Yale-Edinburgh 2020 – Call for Papers

Oral, Print, and Digital Cultures in World Christianity and the History of Mission
New College, University of Edinburgh, 25–27 June 2020
Proposals due: March 6, 2020
Registration deadline: March 30, 2020

The next meeting of the Yale-Edinburgh Group on World Christianity and the History of Mission will take place in New College, University of Edinburgh, from 25–27 June 2020. The theme will be Oral, Print, and Digital Cultures in World Christianity and the History of Mission

Studies in world Christianity and the history of mission have not been afraid to engage the topic of culture. However, they have mostly referred to the encounters of Western Christian cultures with another, whether that be Confucian and Hindu culture, or the indigenous cultures of the Americas, Africa, and Oceania. This year’s theme uses the language of culture to speak about three different mediums in which the Christian message is communicated and the Christian life is practiced. These cultures have developed somewhat chronologically, but they also simultaneously coexist in the contemporary world. 

Oral culture is a vivid dimension of Christian expression, from the psalms of David to the sermons of Jesus and the prayers of the saints. Methodist missionaries, following the legacy of the Wesley brothers, readily preached and sang their faith. Christian hymnody has found local expression, be it in African American spirituals or ghazals and bhajans in India. Prophecy and glossolalia are often regarded by Pentecostals and charismatics as indicators of the faith. Christ’s passion has been recalled in the Philippines through the indigenized form of the pasyón epic, whereas apparitions of the Virgin in Guadalupe and La Vang and of Saint George in Palestine have been vehicles to narrate the faith. 

Print culture has also been an important medium for Christianity. Missionaries used print to propagate their message with vernacular Bibles and hymnbooks, catechisms and apologetic tracts. The widespread translation and dissemination of The Pilgrim’s Progress has globalized seventeenth-century Puritan Christianity and provided a narrative for expressing local virtues. The Western printing press, introduced by missionaries to Shanghai, helped transform the treaty port into a major hub of print capitalism. Christian magazines and lantern slides were used to convey images of distant peoples to sending churches and mobilize publics against slavery and opium, whereas vernacular novels, short stories, and periodicals have contributed to the formation of independent nation-states and to unify diasporic populations. 

As we have entered the digital age, the growing digital culture has opened up new vistas for world Christianity and the history of mission. New methods have been created to engage our subject, from the digitization of archives to the visualization of missionary populations on maps alongside centers of political and religious power. Digital technologies have opened up new possibilities for mission across borders, Christian public engagement over social media, and connecting Christian migrants around the globe. Yet Christian online activities have also been curtailed by forms of state censorship such as the Great Firewall of China. Digital media also exposes hierarchies of resourcing, showing which Christian communities have access to the technological infrastructure for a vibrant online presence and which communities are marginalized by their poverty or lack of expertise.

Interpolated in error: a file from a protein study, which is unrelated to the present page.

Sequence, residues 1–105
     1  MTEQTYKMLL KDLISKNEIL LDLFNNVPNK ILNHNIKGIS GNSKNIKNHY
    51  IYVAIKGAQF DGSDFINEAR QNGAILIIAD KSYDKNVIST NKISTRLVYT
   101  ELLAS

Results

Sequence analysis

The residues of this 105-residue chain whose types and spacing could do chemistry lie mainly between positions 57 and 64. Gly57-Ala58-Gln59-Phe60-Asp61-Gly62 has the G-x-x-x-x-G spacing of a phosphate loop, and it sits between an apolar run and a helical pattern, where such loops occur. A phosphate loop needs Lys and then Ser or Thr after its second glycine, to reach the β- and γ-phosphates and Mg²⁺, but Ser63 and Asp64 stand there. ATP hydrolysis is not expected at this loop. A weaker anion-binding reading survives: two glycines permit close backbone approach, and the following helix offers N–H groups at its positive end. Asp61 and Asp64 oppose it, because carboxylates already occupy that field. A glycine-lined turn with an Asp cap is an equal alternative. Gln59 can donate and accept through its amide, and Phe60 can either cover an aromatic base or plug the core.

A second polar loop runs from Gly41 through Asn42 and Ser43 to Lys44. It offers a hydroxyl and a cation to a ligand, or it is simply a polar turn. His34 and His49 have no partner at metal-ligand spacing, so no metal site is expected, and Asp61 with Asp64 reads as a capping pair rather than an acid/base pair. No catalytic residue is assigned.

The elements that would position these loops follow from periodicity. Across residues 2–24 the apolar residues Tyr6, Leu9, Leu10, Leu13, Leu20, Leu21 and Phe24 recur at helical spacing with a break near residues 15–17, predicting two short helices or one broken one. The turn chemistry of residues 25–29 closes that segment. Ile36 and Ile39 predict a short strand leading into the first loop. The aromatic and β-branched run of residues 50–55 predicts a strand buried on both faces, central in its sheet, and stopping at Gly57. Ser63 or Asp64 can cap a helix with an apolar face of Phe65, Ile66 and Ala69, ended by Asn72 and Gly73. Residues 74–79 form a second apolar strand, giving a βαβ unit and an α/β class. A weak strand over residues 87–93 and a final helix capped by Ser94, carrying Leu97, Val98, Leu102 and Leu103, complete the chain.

Oral, print, and digital cultures may transcend societies, but they find unique expressions throughout world Christianity and the history of mission. We anticipate our conference will open up a lively interdisciplinary conversation among historians, theologians, and social scientists studying religion, as well as to include scholars of other disciplines, such as media studies and digital humanities. 


Paper proposals with brief abstracts of 250-300 words should be submitted via email by March 6, 2020 to the Conference Administrator, Jessie Fubara-Manuel. Please include your name, the name of your institution, and the title of your proposed paper at the top of the document.

Registration for the conference and payment of the conference fee of £90.00 should be completed by March 30, 2020.  Paper presenters are expected to complete the registration and payment process as a demonstration of their commitment to attend the conference.  Details for accommodation are available on the ePay portal.  Once you have registered, you will receive further communication.

Please note that space for the conference is limited to 90 participants. If you plan to attend, please register at your earliest convenience. Queries regarding conference registration and submission of abstracts should be sent to Jessie Fubara-Manuel and to Jean Reynolds for booking accommodation.  

1 thought on “Yale-Edinburgh 2020 – Call for Papers

  1. Pingback: Yale-Edinburgh Conference 2020 and 2021 | Centre for the Study of World Christianity

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